Such statements form the source of the popular formula, “Sufficient for all but efficient for the elect.” Such a statement is fine as far as it goes, but it falls short in that it fails to specify the source of this efficiency. Was the work of Christ efficient in itself, or did it only become efficient in its application? The work of Christ was sufficient for all because of the nature of the person who died, not because of a second and contradictory decree that designed that it would be offered equally for all but with no saving efficacy in itself. According to hypothetical universalism, the death of Christ did not, in itself, secure salvation for anyone. It is because of this contradiction that the arguments that are usually leveled at the particular redemption position, if granted, would also be effective in arguing against the divine decree. It is my view that the true difficulty in understanding and accepting “limited atonement” is not so much with the concept of a limitation in Christ’s redeeming work as it is with the decree that determined that not all would be the objects of saving grace. Unless we accept a Universalist position, we must acknowledge that the effectiveness of Christ’s redeeming work is limited to believers.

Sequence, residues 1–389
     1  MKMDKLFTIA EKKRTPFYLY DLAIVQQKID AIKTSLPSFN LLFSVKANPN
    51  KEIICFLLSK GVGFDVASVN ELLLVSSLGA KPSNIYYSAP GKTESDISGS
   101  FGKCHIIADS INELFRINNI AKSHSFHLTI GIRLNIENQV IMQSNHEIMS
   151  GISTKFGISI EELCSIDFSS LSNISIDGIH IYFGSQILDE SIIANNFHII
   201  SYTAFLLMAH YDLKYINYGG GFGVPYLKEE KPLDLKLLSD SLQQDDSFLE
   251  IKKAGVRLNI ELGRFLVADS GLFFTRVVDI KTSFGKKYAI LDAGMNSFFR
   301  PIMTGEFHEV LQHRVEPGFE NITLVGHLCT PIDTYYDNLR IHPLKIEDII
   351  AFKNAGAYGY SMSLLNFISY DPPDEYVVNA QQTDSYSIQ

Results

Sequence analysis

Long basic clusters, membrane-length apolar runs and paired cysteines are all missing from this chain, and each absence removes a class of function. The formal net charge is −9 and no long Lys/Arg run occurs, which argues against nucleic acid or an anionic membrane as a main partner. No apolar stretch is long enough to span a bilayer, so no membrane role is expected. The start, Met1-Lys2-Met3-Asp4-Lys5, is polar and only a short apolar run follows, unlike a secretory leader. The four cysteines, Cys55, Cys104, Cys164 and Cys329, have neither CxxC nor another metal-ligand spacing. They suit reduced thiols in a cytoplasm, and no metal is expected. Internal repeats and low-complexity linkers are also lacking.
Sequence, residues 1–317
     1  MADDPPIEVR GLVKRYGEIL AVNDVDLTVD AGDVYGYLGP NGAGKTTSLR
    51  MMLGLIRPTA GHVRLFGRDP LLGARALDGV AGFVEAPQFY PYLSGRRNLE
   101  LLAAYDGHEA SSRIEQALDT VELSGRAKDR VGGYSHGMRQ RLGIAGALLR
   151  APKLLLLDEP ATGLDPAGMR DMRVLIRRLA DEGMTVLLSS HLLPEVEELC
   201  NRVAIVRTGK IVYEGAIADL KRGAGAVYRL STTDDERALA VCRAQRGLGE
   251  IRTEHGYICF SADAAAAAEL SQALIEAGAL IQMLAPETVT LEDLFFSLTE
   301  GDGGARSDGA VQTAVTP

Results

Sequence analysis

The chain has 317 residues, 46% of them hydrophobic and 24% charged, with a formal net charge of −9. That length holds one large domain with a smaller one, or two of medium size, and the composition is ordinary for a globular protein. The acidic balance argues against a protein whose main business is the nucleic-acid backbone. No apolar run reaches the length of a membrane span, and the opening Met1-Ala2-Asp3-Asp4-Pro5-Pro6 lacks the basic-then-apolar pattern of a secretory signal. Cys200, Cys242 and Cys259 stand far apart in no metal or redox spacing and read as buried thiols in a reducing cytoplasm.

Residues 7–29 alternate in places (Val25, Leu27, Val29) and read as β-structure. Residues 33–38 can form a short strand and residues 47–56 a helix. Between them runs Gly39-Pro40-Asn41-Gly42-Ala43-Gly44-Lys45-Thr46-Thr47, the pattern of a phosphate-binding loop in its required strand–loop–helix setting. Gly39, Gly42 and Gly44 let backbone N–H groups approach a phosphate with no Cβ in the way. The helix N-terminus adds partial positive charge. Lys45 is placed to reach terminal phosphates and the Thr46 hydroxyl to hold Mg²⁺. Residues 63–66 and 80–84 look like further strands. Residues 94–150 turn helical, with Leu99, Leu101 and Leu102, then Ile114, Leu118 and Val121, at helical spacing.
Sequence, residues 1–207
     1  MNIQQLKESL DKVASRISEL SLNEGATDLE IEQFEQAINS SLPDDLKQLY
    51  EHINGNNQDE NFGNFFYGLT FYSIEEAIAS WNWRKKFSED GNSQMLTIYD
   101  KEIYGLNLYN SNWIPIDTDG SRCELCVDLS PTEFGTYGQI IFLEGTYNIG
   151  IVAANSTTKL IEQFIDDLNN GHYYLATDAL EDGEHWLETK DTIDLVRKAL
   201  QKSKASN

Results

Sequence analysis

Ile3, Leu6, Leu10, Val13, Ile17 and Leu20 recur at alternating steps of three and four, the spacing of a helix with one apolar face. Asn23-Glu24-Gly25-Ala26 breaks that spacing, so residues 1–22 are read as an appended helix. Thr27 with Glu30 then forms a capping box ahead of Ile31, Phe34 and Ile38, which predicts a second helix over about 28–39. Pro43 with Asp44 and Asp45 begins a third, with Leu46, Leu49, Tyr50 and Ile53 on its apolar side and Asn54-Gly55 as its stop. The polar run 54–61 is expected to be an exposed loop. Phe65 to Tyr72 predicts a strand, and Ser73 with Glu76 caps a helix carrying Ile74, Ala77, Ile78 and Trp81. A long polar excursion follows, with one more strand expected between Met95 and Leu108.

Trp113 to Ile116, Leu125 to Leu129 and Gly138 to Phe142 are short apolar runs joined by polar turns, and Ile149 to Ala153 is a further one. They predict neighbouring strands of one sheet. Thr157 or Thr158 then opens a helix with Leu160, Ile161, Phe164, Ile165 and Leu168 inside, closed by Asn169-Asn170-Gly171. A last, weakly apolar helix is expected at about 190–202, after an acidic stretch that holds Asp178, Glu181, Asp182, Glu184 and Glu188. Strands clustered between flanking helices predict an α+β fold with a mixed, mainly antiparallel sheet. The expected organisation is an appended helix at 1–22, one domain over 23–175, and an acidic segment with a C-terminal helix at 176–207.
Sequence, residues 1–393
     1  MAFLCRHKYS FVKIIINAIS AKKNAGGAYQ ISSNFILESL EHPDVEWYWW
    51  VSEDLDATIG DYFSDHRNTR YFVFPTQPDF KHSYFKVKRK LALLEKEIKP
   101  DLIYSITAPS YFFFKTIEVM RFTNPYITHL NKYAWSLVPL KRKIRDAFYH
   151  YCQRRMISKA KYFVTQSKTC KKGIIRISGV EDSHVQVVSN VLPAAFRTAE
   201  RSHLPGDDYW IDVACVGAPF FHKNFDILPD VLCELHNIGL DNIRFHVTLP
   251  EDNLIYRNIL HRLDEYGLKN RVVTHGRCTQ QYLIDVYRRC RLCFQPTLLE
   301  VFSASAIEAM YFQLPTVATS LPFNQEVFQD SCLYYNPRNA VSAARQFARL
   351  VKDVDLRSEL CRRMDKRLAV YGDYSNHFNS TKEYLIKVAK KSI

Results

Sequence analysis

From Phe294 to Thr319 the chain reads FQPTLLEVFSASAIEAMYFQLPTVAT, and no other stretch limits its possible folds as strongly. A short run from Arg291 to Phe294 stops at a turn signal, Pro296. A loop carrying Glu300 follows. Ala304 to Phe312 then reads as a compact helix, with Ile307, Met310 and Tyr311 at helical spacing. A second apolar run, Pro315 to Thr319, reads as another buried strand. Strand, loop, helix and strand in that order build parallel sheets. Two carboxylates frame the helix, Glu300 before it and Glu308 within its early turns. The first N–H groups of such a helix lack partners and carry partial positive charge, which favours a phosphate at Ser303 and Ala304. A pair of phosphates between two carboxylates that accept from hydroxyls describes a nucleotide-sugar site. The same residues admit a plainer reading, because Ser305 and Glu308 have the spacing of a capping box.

The view that Jesus’ death was particularly designed for the elect in its application alone and not in its design faces a logical problem. One would assume that those who hold this view believe God has decreed all that actually occurs. If it happens in time, it must have been planned in eternity. If God the Father has limited Christ’s redeeming work in its application to the elect only so that only they actually come to saving faith, that limited application must have been decreed before time began. That is, if God designed Christ’s work to be applied only to the elect, he must have intended it to redeem only the elect. Its design cannot be both limited and unlimited at the same time unless one is content with the idea that God is self-contradictory. In reality, the entire idea of “sufficiency for all” seems irrelevant since Christ’s work only needs to be “sufficient” for those to whom God applies it in effectual calling.